Fotang successfully ensured that each executive tackled affordability in a way that fit in their portfolio, meaning that SU advocacy was well-rounded across the board. This hasn’t always been the case for the SU — usually, some of the executives perform better than others, leaving gaps in advocacy that disproportionately affect students in specific areas. Fotang knew that affordability would be a hot topic this year, and he did the work to ensure each of his executives did what they could to support students. 

But, with such a heightened focus on affordability, I was concerned that other issues would fall to the wayside, especially when it came to advocating for historically-overlooked groups on campus. Specifically, I worried that international students were going to be left behind — a recurring issue when it comes to advocacy. A lot of times, advocacy concerning post-secondary education focuses on domestic students, leaving international students to largely fend for themselves. However, by our January interview, Fotang was working to address this as well.

Fotang was raising concerns about the 7.99 per cent off-set needed to support international students. If raised to 8.99 per cent, he said this would work out to $1.2 million in financial aid to support international students. While this is likely work that will be handed off to his successor, the necessary conversations have been started.

But, this year has marked a lot of changes for international students, many of which will negatively impact them going forward. Approaching quickly, the most concerning issue is the limit on off-campus working hours, which the Government of Canada temporarily lifted in 2022, allowing international students to work unlimited hours off-campus. There are concerns that the limit will revert back to 20 hours after April 30, 2024. As well, the federal government announced in January that the cost-of-living requirement for international students would be raised from $10,000 to $20,635. International students need support, and they need it now. Although the work has been started, it likely won’t be completed soon enough.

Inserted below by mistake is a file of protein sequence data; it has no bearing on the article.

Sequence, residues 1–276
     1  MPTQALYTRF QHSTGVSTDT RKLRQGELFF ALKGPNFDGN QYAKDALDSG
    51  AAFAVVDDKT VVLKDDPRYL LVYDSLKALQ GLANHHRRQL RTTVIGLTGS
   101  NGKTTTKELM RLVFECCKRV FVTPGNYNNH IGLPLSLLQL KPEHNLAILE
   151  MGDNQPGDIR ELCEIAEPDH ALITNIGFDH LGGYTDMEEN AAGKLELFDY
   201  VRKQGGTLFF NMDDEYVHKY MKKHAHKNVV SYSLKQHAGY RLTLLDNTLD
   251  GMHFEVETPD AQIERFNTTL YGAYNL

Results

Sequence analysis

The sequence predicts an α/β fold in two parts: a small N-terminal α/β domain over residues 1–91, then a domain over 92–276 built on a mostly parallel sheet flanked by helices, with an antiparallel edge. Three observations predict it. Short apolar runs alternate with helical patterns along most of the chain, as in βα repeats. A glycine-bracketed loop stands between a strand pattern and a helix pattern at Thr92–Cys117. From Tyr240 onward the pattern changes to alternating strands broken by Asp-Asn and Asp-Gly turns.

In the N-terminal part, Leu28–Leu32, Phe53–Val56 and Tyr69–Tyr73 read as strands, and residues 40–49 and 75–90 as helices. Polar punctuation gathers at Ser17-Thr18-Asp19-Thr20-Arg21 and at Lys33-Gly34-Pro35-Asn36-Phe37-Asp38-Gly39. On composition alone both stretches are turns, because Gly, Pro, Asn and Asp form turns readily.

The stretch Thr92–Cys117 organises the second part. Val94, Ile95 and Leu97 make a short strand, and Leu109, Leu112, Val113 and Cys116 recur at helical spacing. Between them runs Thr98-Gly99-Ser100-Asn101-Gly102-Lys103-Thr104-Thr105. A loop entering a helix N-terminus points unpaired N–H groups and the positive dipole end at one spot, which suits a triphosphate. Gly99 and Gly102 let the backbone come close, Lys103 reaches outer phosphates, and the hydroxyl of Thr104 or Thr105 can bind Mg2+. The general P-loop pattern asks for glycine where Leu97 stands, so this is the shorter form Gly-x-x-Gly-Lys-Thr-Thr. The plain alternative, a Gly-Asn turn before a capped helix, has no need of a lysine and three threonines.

While Fotang took the necessary steps to start conversations, more can always be done in terms of concrete, tangible action. He’s put in the work to build trust with the student body, which allowed him to get a good grade. But, I would have liked to see more solutions presented to bump him further up in the A-range.

Creating an accessible campus that fits student needs

The U of A campus is made up of roughly 45,000 students, making it the size of a small city. University administration doesn’t often consider the different opinions and concerns that make their way onto our campus. The result is that students often feel unheard or ignored when it comes to university policy. 

In an ideal world, this is where the SU comes in — while students can’t always make their voices heard, the SU executive is meant to do the heavy-lifting and ensure we’re listened to. Fotang showed that this was not only a priority, but also an area he excelled in, and nothing made that clearer than the Clean Air Strategy proposal.